It’s raining again this morning in Phoenix and the only things fuller than the typically dry desert washes right now are Paul’s and my email inbox’s flooded with questions similar to “With all this rain we’re getting, will this be the killer wildflower bloom we’ve all be waiting for in the Arizona desert?”
After less than spectacular blooms for the past several years, this year, we are optimistically encouraged by the amount of precipitation – and as a result, the greening desert. Although the verdict is still out on what will develop, we do have some early indications of what may come to pass for this year’s desert bloom.
We have been tracking the actual rainfall in a number of key flower hot spots since November, which is when we need abundant winter rains to trigger the sprouting process. (We need solid rains in November and December, and then steady sprinkles in January, February, and March for a great annual bloom). Based on rainlog.org data, here’s what we’ve seen in areas where rainfall amounts are collected:
As you can see, the season didn’t start off terribly well (zero rain in November), but has rebounded quite impressively in December and into January (and it’s still raining, at least in Phoenix, as we speak). Whether December’s amounts were enough to make up for November’s will remain unknown until we see the magnitude and depth of the spring bloom beginning in the next three to six weeks.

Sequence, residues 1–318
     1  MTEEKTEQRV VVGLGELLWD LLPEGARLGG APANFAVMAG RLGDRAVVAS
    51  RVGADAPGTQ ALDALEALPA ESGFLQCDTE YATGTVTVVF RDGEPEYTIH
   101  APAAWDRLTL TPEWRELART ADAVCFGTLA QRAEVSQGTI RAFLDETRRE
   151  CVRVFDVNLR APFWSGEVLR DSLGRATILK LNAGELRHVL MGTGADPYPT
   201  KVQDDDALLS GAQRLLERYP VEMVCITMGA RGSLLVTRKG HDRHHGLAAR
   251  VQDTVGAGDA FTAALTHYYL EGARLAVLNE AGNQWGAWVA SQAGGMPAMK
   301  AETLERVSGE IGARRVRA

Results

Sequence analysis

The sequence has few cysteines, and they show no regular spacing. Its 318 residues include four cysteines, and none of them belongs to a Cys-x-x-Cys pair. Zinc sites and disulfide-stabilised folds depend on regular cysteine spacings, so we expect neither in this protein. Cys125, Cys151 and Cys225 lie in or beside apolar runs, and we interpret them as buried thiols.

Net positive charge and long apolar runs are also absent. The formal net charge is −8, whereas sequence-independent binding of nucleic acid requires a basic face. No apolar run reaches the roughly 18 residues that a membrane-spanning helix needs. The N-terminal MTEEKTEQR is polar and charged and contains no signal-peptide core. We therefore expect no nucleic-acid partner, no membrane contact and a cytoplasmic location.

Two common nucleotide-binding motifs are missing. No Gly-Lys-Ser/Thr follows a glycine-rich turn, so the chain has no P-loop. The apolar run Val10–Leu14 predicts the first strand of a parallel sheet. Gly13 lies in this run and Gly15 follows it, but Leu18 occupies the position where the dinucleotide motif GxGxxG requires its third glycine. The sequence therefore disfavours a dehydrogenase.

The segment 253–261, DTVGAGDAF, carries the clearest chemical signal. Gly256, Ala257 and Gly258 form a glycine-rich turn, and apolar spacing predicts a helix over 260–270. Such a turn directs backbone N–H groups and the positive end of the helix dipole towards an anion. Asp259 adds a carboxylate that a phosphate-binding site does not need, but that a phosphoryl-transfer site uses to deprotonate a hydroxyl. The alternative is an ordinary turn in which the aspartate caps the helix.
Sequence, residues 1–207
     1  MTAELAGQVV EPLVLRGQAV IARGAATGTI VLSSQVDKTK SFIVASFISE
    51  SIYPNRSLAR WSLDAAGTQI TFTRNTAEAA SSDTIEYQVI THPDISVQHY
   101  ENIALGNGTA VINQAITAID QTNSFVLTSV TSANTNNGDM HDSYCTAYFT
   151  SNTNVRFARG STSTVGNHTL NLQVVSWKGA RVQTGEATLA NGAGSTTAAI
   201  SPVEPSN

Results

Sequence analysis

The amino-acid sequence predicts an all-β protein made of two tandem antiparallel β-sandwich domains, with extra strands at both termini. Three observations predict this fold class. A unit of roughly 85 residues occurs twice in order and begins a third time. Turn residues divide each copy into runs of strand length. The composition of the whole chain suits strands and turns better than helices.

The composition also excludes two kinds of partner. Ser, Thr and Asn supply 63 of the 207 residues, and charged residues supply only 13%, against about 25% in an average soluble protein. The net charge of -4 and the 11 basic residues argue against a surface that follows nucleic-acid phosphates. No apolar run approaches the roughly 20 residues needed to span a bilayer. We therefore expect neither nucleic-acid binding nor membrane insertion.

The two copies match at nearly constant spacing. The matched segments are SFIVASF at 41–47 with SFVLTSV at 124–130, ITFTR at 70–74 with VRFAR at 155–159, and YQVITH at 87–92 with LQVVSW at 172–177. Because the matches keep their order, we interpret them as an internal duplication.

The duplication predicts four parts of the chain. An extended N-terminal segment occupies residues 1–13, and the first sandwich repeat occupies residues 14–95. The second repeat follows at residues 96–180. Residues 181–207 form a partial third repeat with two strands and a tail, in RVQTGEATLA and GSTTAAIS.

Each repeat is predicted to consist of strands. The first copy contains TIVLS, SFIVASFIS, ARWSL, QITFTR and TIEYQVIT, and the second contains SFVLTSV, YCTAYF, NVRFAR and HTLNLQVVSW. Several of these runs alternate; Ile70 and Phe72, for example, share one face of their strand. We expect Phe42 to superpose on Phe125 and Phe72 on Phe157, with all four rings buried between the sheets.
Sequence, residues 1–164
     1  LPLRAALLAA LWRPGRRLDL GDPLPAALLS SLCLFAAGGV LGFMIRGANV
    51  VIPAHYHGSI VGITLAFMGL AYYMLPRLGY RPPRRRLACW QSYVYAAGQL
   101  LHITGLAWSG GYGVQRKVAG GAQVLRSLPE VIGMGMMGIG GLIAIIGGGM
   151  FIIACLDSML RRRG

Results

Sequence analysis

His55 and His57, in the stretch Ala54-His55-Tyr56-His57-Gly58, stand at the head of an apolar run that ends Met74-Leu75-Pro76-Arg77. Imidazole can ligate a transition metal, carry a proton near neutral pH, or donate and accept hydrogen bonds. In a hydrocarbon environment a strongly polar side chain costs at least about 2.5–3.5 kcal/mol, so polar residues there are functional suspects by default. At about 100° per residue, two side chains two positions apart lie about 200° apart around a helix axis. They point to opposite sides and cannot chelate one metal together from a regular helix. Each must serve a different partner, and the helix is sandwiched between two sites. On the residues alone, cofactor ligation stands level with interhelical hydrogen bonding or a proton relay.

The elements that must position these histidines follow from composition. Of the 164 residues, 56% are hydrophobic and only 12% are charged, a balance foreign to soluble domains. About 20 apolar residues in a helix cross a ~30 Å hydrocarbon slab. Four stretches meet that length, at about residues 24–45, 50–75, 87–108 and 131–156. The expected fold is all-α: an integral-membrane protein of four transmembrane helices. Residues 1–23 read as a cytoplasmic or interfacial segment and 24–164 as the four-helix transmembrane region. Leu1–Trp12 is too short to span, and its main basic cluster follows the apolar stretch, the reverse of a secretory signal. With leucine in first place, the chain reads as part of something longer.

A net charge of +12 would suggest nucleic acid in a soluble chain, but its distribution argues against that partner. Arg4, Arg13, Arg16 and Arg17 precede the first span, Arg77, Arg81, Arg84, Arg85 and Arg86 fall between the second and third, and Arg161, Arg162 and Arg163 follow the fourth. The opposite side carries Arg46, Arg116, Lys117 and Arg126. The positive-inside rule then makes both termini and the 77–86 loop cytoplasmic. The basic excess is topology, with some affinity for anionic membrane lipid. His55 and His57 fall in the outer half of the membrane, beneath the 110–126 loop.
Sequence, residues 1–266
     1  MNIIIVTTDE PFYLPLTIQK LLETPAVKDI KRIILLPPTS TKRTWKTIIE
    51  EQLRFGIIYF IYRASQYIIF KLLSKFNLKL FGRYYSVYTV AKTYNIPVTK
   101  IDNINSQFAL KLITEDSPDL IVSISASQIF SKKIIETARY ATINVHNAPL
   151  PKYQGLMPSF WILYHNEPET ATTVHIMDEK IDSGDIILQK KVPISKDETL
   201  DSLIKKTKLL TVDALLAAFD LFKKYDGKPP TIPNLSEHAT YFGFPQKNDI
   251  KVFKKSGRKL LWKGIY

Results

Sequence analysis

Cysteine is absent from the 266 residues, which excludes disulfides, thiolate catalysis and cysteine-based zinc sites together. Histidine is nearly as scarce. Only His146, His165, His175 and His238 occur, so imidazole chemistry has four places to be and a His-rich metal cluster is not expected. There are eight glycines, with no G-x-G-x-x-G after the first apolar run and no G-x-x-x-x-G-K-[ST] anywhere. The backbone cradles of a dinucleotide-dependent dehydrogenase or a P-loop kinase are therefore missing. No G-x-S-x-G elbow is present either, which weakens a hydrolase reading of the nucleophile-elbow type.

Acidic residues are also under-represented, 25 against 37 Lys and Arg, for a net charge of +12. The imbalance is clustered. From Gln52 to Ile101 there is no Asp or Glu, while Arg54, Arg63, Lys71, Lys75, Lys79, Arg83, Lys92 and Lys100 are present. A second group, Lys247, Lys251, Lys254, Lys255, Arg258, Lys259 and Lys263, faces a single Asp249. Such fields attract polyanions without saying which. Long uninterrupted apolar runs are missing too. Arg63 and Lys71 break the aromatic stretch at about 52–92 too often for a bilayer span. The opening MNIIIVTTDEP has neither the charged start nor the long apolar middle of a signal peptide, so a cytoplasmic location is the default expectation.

Around the start of the new year, the desert experienced a couple of freezes. The brittlebush bloom had begun early in some locations, but then those buds froze. The perennial plants seem to be re-budding as the weather warms, which is good news. The poppies and other annuals were also affected by the freeze. How much so, though, will also remain a mystery until we start to see the annual bloom appear.
February is a critical month. Sort of like Goldilocks and the Three Bears, everything needs to be “just right.” Too much rain could encourage the grasses to grow and choke out flowers. Too little rain could cause a smaller bloom. Cold weather could slow the progress and delay the bloom while warm weather could speed it up.
According to NOAA, Arizona remains in an El Nino Watch status with a 50-60% of this system emerging onto the scene in the next two months. An El Nino typically brings additional rain to the desert southwest, which can affect the annual, perennial, and cactus bloom starting in late February through June. The Farmer’s Almanac is also predicting rain showers for the area from February 1-7 and again February 21-26. If this prediction pans out, it’s the steady sprinkles we need at the precisely the right time of year.
What can you do to get ready for what’s to come?
- Keep an eye on the rainfall for February.
- Watch websites like DesertUSA Wildflower Updates and our Wild in Arizona blog for eyes-on field reports.
- Dust off your camera and start practicing your macro techniques.
- And if you haven’t done so already, pre-order a copy of the expanded 2nd edition of our award-winning guidebook, Wild in Arizona: Photographing Arizona’s Wildflowers, A Guide to When, Where, & How via our Indiegogo campaign at www.indiegogo.com/projects/wild-in-az-photographing-az-s-wildflowers-book. As Mother Nature decides what kind of bloom year we’ll have, the book will help you prepare and get you in the right place at the right time as things materialize out there!
Keep your fingers crossed, everyone!
Colleen & Paul